The Telecom Regulatory Authority of India (TRAI) has hiked the SMS termination charges to 2 paise per SMS for normal SMS and 5 paise per SMS on each transactional SMS on operators from whom the SMS originates. TRAI also notes that transactional SMS origination from government organizations have been excluded from these new regulations and that these new charges will be applicable from June 1, 2013.

Currently, only promotional SMS are charged termination cost of 5 paise per SMS. After the new regulations are implemented, termination charges will be applicable to transactional, normal and promotional SMS. TRAI hopes that these hiked termination charges will help to curb the pesky SMS spam, which continue to be a major problem even after the imposition of the SMS Spam Guidelines.

Why TSPs want termination charge on SMS? According to the TRAI statement, telecom service providers (TSP) had noted that smaller operators are selling bulk SMS to telemarketers at cheap rates and that the revenues earned by them are primarily based on the large number of transactional and promotional SMS to subscribers of other networks without having to pay to terminating TSPs. Following the new regulations, operators will be able to earn from smaller operators for normal, promotional and transactional SMS providing a balance.

Besides this, the amendment to ‘The Telecom Commercial Customer Preference Regulations, 2010’ also includes blacklisting of telemarketers from whom unsolicited commercial calls (UCC) emerge. Blacklisted telemarketers will not receive any telecom resources from access provider. TRAI also notes that it will collect name and address of the subscriber who has not registered as a telemarketer with TRAI and blacklist it for 2 years. It will also disconnect all telecom services to these subscribers. Access providers are recommended to disconnect all telecom resources provided to the blacklisted subscriber and telemarketer within 24 hours.

Last year in January, we had reported that telemarketers and bulk SMS companies had been sending promotional messages as transactional messages, in direct violation of the TRAI’s SMS Spam regulations. Previously, TRAI had launched a web portal at – – for customers to lodge a complaint against commercial communication where telecom service providers could take action against such complaints.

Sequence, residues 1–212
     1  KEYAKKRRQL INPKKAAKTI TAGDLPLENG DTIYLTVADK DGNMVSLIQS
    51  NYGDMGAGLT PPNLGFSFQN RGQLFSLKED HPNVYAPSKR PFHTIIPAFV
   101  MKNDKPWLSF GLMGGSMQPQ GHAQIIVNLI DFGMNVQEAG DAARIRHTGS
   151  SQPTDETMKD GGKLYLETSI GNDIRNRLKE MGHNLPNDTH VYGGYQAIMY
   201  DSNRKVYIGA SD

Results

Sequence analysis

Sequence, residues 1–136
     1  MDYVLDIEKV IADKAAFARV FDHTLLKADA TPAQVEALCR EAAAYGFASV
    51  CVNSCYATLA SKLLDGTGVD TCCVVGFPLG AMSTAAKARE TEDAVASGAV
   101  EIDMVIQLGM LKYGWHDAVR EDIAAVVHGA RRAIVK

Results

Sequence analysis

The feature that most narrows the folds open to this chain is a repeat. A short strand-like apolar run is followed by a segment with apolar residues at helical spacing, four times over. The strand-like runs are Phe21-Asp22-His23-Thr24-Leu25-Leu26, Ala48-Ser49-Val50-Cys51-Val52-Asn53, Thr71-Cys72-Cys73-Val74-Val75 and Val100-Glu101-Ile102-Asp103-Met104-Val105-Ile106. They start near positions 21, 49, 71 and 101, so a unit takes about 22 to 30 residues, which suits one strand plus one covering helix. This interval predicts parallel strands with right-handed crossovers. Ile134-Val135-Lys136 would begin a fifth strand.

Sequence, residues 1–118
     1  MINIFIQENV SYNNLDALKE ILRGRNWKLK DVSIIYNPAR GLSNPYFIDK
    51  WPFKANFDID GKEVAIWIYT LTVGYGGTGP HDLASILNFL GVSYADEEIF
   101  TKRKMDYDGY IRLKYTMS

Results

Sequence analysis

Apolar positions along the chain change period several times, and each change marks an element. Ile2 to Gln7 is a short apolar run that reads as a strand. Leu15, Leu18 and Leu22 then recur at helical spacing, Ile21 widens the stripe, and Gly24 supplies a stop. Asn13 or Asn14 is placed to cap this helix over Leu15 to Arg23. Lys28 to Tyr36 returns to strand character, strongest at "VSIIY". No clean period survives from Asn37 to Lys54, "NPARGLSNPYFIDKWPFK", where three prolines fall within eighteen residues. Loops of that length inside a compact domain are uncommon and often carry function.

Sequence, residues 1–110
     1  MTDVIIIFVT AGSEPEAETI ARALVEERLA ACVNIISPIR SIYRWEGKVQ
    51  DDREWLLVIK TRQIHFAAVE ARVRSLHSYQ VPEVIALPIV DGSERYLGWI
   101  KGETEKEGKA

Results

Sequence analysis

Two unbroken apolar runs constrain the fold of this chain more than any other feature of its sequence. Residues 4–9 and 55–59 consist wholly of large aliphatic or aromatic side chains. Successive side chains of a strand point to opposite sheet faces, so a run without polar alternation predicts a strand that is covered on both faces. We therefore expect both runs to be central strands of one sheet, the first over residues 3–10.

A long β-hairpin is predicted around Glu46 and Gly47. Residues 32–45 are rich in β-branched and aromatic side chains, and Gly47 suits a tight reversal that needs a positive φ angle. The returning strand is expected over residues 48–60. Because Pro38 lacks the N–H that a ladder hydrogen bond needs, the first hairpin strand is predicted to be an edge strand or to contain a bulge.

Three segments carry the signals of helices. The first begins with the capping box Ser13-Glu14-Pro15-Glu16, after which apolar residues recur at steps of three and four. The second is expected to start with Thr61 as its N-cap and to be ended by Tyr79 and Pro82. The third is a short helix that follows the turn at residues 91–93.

Update: What this necessary? (Nikhil adds)

The cost of imposing additional charges on transactional messages is strange – these are being sent by businesses to their customers, and the problem here is that in some cases, charges for SMS updates could be passed on to customers. For example, if there are server related alerts from hosting service providers, they will be forced to charge customers an additional fee for it. If I’ve booked a flight ticket, the cost of sending an alert with the PNR number and flights could be incorporated into a convenience fee.

The reason for increasing these charges could be that the transactional pipe was being misued by service providers; for example, Jabong sending me an SMS alert about a sale or a good deal on its site is not a transactional message, even though it was being sent via the transactional pipe.

The reason for an overall increase in SMS charges could be because some telecom operators are trying to cover the cost of declining SMS usage, with an increase in the data pie.

Overall, we see this change in SMS charges as a negative – SMS Spam has reduced (even though it hasn’t ended), so this was unnecessary.

Regulating SMS Spam timeline

In September 2011, TRAI had directed all access providers to limit sending of more than 100 SMS per day per SIM or 3000 SMS per month per SIM and ensure that any commercial communication including SMS, other than transactional messages, is sent to a customer only between 0900 Hrs to 2100 Hrs. TRAI had also relaxed 100 SMS per day restriction for e-tickets, social networks, directories, DTH & More.

In November 2011, TRAI had extended the daily SMS limit from the existing 100 SMS to 200 SMS and had imposed an additional 5 paise charge on Promotional SMS.

In July 2012, the Delhi High Court removed the 200 SMS/day limit through a mobile phone SIM for personal communications, stating that the current SMS spam guidelines infringe the freedom of speech of the citizens, and the conditions imposed upon citizens are not reasonable.

In November 2012, TRAI had issued a new directive, asking all telecom providers to take additional measures for controlling SMS spam. It had also set free SMS cap to 100 SMS per day, after which each SMS would cost more than 50 paise per SMS.

In December 2012, the Indian Supreme Court had put a stay on Telecom tribunal, Telecom Disputes Settlement and Appellate Tribunal (TDSAT) order which had quashed the TRAI’s directive of limiting the number of SMS to 200 per day, per SIM


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